After screening to ensure native renal urea clearance >3 mL/min/1.73 m2, the study will randomise 54 patients within 3 months of HD initiation to conventional in-centre thrice weekly dialysis or incremental in-centre HD commencing 2 days a week. Subjects will be followed up for 12 months. The study will be carried out across four UK renal centres.
The primary outcome is to evaluate the feasibility of conducting a definitive RCT and to estimate the difference in rate of decline of RKF between the two groups at 6 and 12 months time points. Secondary outcomes will include the impact of dialysis intensity on vascular access events, major adverse cardiac events and survival. Impact of dialysis intensity on patient-reported outcomes measures, cognition and frailty will be assessed using EQ-5D-5L, PHQ-9, Illness Intrusiveness Rating Score, Montreal Cognitive assessment and Clinical Frailty Score. Safety outcomes include hospitalisation, fluid overload episodes, hyperkalaemia events and vascular access events.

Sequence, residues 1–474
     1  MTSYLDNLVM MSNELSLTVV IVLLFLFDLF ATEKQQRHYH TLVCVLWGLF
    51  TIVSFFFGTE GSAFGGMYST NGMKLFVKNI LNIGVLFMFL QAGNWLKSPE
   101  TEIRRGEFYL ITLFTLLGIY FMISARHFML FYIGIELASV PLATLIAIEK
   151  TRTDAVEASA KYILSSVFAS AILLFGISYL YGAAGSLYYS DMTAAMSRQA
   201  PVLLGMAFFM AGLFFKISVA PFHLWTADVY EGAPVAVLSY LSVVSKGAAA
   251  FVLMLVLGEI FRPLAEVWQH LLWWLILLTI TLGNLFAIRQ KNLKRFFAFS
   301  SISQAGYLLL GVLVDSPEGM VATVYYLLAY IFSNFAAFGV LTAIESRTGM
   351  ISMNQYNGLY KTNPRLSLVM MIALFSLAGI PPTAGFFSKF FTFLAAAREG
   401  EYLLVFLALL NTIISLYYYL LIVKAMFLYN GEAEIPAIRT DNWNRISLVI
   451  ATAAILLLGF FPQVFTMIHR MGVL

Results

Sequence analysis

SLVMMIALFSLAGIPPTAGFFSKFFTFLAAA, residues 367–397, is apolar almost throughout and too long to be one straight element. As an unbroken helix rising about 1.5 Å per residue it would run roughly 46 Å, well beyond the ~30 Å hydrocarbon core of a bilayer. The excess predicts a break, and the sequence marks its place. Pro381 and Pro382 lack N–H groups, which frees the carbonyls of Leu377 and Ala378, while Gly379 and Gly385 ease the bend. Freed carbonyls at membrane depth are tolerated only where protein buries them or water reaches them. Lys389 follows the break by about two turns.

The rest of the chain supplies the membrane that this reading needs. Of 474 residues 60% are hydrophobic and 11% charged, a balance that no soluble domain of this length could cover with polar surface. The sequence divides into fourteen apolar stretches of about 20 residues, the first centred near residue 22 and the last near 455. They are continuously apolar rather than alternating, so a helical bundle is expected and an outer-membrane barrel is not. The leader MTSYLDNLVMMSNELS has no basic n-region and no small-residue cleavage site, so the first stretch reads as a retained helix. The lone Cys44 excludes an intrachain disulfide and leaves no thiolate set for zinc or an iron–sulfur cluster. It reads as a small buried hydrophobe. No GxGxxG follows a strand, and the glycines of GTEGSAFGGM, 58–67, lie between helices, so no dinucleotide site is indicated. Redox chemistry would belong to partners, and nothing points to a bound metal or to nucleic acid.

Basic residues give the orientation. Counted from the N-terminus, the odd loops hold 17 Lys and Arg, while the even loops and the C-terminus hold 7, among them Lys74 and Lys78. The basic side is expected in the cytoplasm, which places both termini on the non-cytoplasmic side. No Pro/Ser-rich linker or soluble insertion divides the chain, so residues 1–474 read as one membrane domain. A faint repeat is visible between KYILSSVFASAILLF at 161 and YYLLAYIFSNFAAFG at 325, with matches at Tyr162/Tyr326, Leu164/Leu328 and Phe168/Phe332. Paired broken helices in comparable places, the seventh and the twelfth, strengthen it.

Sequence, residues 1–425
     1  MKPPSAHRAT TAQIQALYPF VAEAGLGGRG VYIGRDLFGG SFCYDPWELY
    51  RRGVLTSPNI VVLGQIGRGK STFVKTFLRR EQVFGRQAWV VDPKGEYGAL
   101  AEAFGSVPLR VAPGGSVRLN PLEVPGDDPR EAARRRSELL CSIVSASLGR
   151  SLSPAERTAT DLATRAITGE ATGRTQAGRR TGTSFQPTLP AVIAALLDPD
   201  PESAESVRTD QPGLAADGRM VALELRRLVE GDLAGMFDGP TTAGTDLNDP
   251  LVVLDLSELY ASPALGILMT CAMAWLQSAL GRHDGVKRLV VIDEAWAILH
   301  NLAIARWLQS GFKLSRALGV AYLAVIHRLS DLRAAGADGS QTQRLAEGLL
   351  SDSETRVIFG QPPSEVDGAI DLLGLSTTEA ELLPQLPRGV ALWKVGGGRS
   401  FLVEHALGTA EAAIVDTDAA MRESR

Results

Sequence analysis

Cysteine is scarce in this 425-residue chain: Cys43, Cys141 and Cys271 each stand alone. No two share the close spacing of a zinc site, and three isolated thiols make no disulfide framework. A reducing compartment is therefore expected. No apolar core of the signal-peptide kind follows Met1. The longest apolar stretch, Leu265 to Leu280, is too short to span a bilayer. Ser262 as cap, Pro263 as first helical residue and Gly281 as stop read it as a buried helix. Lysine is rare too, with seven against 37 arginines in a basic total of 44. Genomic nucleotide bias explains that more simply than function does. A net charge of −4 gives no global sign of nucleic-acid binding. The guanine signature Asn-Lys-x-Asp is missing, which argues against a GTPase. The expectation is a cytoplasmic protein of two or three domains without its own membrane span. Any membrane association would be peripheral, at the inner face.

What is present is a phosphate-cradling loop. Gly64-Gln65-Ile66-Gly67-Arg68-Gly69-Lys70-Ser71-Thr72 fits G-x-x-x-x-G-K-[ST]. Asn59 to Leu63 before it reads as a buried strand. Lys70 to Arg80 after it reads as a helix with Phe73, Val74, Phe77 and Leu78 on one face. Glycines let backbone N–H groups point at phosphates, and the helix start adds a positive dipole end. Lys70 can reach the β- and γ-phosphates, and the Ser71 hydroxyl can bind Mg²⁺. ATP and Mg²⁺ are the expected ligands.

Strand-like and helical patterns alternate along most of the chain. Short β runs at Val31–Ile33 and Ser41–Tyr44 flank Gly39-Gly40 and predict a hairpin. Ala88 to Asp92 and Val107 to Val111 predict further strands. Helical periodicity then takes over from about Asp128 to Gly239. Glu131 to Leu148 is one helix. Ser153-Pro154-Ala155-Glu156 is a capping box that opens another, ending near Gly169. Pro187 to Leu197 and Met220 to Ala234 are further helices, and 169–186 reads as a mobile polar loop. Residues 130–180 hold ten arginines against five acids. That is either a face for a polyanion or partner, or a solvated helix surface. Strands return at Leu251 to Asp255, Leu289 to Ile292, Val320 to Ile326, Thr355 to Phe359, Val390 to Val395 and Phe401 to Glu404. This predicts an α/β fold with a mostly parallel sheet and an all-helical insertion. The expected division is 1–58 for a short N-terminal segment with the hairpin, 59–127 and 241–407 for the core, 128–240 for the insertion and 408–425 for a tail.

This study will inform the design of a definitive study, adequately powered to determine whether RKF is better preserved after incremental HD initiation compared with conventional initiation.
Ethics approval has been granted by Cambridge South Research Ethics Committee, United Kingdom(REC17/EE/0311). Results will be disseminated via peer-reviewed publication.
Iodinated contrast media are commonly used in medical imaging and can cause hypersensitivity reactions, including rare but severe life-threatening reactions. Although several prophylactic approaches have been proposed for severe reactions, their effects remain unclear. Therefore, we aim to review systematically the preventive effects of pharmacologic and non-pharmacologic interventions and predictors of acute, hypersensitivity reactions.